Fukuyama elaborated his ideas extensively in his book, The End of History and the Last Man, published in 1992. Certainly events occurring between the article’s and the book’s publications, particularly in Russia and Eastern Europe, added plausibility to Fukuyama’s thesis. Like the article, the book occasioned widespread and wide-ranging discussion and debate. Commensurately with the book’s much fuller development of the philosophical and scientific grounds, empirical evidence, and implications of the argument, many contributions to the discussion probed deeply into crucial philosophic issues, about human nature, history, the sources of knowledge, and the meaning of events.[3]

As compared to the article, based on Kojeve’s idea of an end of history, the book takes a more complex approach. Looking for a pattern in history, it draws on modernization theories to argue that the combination of modern science and economics ends up constituting a mechanism that tends continually to drive historical development forward. Arguing that this mechanism is insufficient to account for many events in history, and especially the movement toward liberal democracy, it incorporates Kojeve-Hegel’s argument about the motive force of the Master-Slave dialectic, originating from the initial fight for recognition and moving eventually toward rational human satisfaction in the equal and reciprocal recognition of all through a universal and homogeneous state (realized in actuality as liberal democracy). Finally, it supplements (or dilutes) Kojeve’s purely historicist argument with an appeal to a trans-historical stan- dard—to a Platonic conception of the nature of the human soul, in accordance with which the mechanism (of modern science and economics) is driven by reason and desire while the distinctively moral aspects of the fight for recognition are driven by thymos or spiritedness. Thus the book’s philosophical basis is eclectic: a combination of a Platonic view of human nature with the adoption of a Hegelian conception of history. In consequence, in addition to being vastly more detailed, the book is more moderate, cautious in its affirmations, and commonsensical than the article. It is also impressive in the breadth and openness of its inquiry: in its fair-minded discussions of various theories, philosophical and social-scientific; in bringing to bear numerous and diverse historical examples; and in its wide-ranging and well-informed inquiry into developments all over the contemporary world. The book sparked serious reflection on many philosophical issues, especially the question of what history is and how we can think reasonably about it.

Fukuyama’s thesis seems about equally persuasive now as it did twenty-five years ago. On one hand, the continued tendency toward globalization of economics, information, and education seems to accord with the thesis. On the other hand, the growing political power of religious fundamentalism (perhaps most notably the dream of an Islamist caliphate), the effort of authoritarian Russia to regain lost empire, and the shortcomings or failures of newer democracies seem contrary to it. But the claim that an end of history had come upon us or was about to arrive never meant that a turn to irrational action, by individuals or even by societies, would become impossible; it meant only that a fully rationally defensible political-moral-legal order has come to exist and that no fundamentally different alternative can defend itself with adequate reasons. In this respect, the truth or falsity of the Kojevian doctrine of an end of history would seem to remain what it has been since first enunciated.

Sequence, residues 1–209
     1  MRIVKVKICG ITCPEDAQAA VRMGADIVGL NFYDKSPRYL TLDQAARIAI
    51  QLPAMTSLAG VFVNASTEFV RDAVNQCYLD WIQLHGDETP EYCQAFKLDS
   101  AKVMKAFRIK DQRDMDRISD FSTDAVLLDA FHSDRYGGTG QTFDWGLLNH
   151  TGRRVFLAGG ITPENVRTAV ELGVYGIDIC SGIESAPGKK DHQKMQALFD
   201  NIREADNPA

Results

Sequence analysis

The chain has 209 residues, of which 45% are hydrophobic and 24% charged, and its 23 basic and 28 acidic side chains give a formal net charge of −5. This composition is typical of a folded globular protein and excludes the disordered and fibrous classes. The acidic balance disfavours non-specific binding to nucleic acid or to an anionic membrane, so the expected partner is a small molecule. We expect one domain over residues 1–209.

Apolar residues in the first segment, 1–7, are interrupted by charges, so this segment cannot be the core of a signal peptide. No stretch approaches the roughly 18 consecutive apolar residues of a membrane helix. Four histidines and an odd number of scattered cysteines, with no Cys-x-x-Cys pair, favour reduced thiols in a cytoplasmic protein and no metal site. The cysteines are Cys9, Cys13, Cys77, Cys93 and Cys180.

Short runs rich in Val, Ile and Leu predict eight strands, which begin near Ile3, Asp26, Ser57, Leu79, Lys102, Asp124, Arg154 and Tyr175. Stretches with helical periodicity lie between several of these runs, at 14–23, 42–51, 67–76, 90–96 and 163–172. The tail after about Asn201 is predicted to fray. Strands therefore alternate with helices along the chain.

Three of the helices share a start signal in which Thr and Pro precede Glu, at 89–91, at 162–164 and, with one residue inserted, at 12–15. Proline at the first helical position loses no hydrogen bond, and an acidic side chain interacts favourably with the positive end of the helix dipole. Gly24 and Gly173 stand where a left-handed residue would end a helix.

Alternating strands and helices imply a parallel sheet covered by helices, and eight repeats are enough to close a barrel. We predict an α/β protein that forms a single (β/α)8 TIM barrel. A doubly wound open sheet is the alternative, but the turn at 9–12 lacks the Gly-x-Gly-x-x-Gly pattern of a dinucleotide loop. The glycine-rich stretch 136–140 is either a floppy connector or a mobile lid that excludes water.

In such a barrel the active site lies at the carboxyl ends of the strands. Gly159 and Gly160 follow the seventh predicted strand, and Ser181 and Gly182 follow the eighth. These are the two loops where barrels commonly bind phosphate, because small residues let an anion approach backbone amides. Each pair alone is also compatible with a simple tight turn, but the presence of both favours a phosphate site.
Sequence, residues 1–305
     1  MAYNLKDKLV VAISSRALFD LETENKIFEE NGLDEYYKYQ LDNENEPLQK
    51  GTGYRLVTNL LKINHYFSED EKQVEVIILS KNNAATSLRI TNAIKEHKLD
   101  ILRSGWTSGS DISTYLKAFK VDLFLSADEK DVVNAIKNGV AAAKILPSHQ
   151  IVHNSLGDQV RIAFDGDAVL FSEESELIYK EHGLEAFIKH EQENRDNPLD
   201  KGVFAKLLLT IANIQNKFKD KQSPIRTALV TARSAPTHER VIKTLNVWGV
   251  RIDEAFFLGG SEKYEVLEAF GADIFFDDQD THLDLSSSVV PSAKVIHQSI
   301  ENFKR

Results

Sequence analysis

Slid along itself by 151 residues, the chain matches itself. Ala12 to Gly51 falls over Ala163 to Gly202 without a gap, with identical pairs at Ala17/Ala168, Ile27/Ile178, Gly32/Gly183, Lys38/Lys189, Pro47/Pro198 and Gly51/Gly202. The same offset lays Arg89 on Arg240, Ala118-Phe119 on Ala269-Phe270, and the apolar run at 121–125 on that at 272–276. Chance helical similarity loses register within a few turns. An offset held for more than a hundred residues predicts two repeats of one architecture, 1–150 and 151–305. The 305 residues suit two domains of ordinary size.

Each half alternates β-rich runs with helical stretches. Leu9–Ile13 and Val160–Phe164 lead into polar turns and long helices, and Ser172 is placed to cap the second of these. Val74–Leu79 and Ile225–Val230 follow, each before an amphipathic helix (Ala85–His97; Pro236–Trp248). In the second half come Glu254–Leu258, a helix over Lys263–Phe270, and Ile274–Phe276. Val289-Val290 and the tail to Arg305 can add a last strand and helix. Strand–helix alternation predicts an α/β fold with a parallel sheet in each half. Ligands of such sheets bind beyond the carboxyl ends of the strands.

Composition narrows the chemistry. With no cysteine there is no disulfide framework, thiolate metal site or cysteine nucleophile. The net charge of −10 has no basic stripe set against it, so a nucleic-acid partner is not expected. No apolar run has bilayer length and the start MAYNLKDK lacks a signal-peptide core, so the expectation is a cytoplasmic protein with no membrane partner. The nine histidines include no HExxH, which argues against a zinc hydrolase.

• [1] Francis Fukuyama’s book-length elaboration of his argument was thereforeentitled The End of History and the Last Man (New York: Free Press, 1992).Strauss in writing to Kojeve about the latter’s Introduction a la lecture de Hegelraised two major objections. The first was to ask how to repair the gap in Hegel’sphilosophical system created by Kojeve’s abandonment of Hegel’s philosophyof nature. The second was to object that the end state, the universal and homogeneous state, could not provide genuine human satisfaction. After articulatingseveral criticisms, Strauss concludes: “If I had more time than I have, I couldstate more fully, and presumably more clearly, why I am not convinced that theEnd State as you describe it, can be either the rational or the merely factual satisfaction of human beings. For the sake of simplicity I refer today to Nietzsche’s‘last men.’” On Tyranny, 236-239 (letter of 22 August 1948). Of Kojeve’s laterwritings, a review essay about three novels of Raymond Queneau (including Ledimanche de la vie—see note 26 above) and another about two novels by Fran-joise Sagan convey a vivid sense of the absence of certain human types andexperiences from the end of history. See Nichols, Alexandre Kojeve, 87-89.
  • [2] For the former claim, see IRH 212-215. The latter claim was made in a lecturedelivered in 1957: “Kolonialismus in europaischer Sicht,” Schmittiana, vol. VI(Berlin: Duncker & Humboldt, 1998), 126-140. Translation by Erik De Vries,“Colonialism from a European Perspective,” Interpretation: A Journal of PoliticalPhilosophy 29 (no. 1, Fall 2001).
  • [3] See, for example, the articles in After History? Francis Fukuyama and His Critics,ed. Timothy Burns (Lanham, MD: Rowman & Littlefield, 1994), and some ofthe articles in History and the Idea of Progress (see note 4 above).